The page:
Feeling content – meeting your physical needs

by Children, Families & Young People team | 18 Jan 2022


If you or your young people are having mood swings, feeling irritable, cross and impatient or having low moods, why don’t you try meeting your physical needs to improve wellbeing?

Food and Drink

Do I need some Food and Drink that is good for my mind and body?
What kinds of Food and Drink should I choose to help me to stay well?

Regular, balanced meals and snacks as well as enough water to make our pee a pale yellow can help to regulate our moods. When we have large amounts of sugary foods or drinks, it can make us feel a rush of energy at the time, but later it leads to a crash. This makes us reach for more sugar, creating a cycle of highs and lows that can be hard to manage. Making and sharing food that nourishes our bodies can be a good way to meet lots of emotional needs at the same time. Be aware of reaching for treat foods when your mood is low- try and find another way to meet your needs and improve your mood.

Three things to do now to help bring you back to wellbeing:

  1. Drink water
  2. Eat a balanced meal or snack
  3. Prepare some food together to share


Meeting our physical needs for sleep

Sometimes, even when we think we are getting enough sleep, we are not getting the right kind of sleep. Make sure you are ready for sleep by having a bedtime routine, no matter how old you are!

The two kinds of sleep we need to make sure we have had the right amounts of are deep sleep and REM or dreaming sleep. Deep sleep repairs our minds and bodies, and REM sleep helps us to switch off emotions from the day before.

To get the right kinds of sleep, make sure you have a good bedtime environment, a relaxing routine before bed, and have had time during the day to process any thoughts or talk about them so that you don’t take them to bed with you! A really good way to do this is to do something quiet and away from screens before getting ready for your bedtime routine, like drawing or playing with toys.

Three things to do now to help bring you back to wellbeing:

  1. Make sure your bedroom is ready for bedtime
  2. Switch off screens a while before bed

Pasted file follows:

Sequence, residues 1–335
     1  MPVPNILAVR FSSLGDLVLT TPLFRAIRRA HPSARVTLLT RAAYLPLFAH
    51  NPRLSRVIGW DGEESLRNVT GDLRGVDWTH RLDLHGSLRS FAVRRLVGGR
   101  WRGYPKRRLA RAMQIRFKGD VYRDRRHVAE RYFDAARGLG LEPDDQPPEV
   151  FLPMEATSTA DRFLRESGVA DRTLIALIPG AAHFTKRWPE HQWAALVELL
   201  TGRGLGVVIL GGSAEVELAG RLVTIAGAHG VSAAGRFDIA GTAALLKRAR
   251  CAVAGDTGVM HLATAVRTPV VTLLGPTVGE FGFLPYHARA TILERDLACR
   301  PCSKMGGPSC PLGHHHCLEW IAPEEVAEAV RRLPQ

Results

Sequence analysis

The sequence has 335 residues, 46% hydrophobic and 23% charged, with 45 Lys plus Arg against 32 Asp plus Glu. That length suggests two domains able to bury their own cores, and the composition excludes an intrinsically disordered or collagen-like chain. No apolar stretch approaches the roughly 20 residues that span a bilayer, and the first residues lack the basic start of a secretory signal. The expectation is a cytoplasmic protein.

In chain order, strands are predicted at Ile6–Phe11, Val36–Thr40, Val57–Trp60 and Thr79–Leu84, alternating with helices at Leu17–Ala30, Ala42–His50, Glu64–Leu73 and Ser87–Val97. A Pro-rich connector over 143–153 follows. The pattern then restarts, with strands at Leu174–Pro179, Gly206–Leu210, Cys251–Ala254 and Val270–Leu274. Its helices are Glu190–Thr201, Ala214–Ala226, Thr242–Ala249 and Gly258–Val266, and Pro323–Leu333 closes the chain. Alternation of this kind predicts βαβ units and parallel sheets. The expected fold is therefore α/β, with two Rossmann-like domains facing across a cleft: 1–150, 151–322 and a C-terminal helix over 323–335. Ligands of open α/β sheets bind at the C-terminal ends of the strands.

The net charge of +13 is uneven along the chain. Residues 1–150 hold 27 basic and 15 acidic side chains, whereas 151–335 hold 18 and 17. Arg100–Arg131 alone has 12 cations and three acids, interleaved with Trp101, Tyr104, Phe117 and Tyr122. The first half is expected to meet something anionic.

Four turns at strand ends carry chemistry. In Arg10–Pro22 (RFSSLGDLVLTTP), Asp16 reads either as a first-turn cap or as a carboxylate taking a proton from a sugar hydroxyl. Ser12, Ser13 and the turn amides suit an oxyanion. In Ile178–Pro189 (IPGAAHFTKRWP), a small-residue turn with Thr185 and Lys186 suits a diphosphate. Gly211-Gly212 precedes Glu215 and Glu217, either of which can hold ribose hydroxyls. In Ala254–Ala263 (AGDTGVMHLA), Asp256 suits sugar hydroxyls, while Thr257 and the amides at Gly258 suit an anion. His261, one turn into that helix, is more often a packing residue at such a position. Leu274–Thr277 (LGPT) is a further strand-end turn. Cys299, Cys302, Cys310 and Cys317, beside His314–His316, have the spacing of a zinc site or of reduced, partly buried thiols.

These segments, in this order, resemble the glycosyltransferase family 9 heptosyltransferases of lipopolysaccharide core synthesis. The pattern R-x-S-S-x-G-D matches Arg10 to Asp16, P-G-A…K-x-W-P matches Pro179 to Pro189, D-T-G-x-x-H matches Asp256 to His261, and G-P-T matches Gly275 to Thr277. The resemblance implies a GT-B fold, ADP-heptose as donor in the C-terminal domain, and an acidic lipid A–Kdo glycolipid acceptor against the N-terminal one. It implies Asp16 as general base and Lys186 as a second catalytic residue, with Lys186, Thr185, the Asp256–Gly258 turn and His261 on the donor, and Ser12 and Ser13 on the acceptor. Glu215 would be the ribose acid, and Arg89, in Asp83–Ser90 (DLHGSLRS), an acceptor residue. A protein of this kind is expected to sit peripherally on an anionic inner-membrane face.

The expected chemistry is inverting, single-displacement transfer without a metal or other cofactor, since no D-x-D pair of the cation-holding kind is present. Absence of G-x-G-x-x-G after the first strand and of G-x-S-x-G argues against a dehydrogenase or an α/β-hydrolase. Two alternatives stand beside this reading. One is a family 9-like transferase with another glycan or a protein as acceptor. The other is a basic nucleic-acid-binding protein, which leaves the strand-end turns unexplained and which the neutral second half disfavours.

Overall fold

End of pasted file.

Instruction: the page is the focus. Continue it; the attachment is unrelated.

3. Make a routine that makes you feel ready for sleep.  


Moving our bodies helps us to release chemicals called endorphins, which come with feeling good, and burn off unhealthy amounts of stress hormones called cortisol which can make us feel tense. Moving our bodies in a way that feels good to us and we enjoy helps us to protect our brains. If we have a low mood, the first we can do is to move. We need to raise our heart and lung rate to help protect our brain and bring us back into wellbeing. Moving can be chasing each other round the park, inventing a dance routine at home or playing a game with a ball!

Three things to do now to help bring you back into wellbeing:

  1. Find new ways to move around outside with a ball, on your way to school or at home to music!
  2. If you feel you have been in one place for a long time, find ways to move to get the energy flowing around your body, your heart rate up and your lungs to work a bit harder for a few minutes!
  3. Make sure you enjoy moving- so do something FUN! Finding someone or a group to move with can be motivating and make it more fun, as well as meeting your needs for connection or community!

To find out more about how Suffolk Mind can help you and your young person, visit our EARLY Minds page.

by Children, Families & Young People team

Meet the Children, Families & Young People (CFYP) team:

Katie Hollis (right) is our CFYP Relationships Manager, and joined Suffolk Mind in April 2017. Prior to working for Suffolk Mind, she worked as a primary school teacher in a variety of schools across Suffolk and in the Middle East. “I made the decision to join Suffolk Mind because I was ready for a new challenge and passionate about improving mental health and wellbeing for children, families, and young people. Having also experienced poor mental health among my colleagues in schools, I wanted to work with a charity that’s mission was to make Suffolk the best place to talk about and take care of mental health.” Out of work Katie is a busy parent to three boys and spends lots of time stood at the side of soggy football pitches across the county.

Louise Harris (left) is our CFYP Training & Content Manager, while also training to become a Human Givens Psychotherapist. She has been with Suffolk Mind since early 2020 and was previously a primary school teacher and a children’s yoga teacher. Louise delivers CFYP training and develops course materials, and is growing the service into secondary schools, further education settings and family and community groups to cater for the need in mental health provision and education that has increased over the past few years. “I came to Suffolk Mind to use my skills to deliver our education programmes in schools, with the mission to make a real difference to the mental health of children and young people in Suffolk.” Louise is also a parent to two children who like to go on outdoor adventures and plays in a samba band in her spare time.

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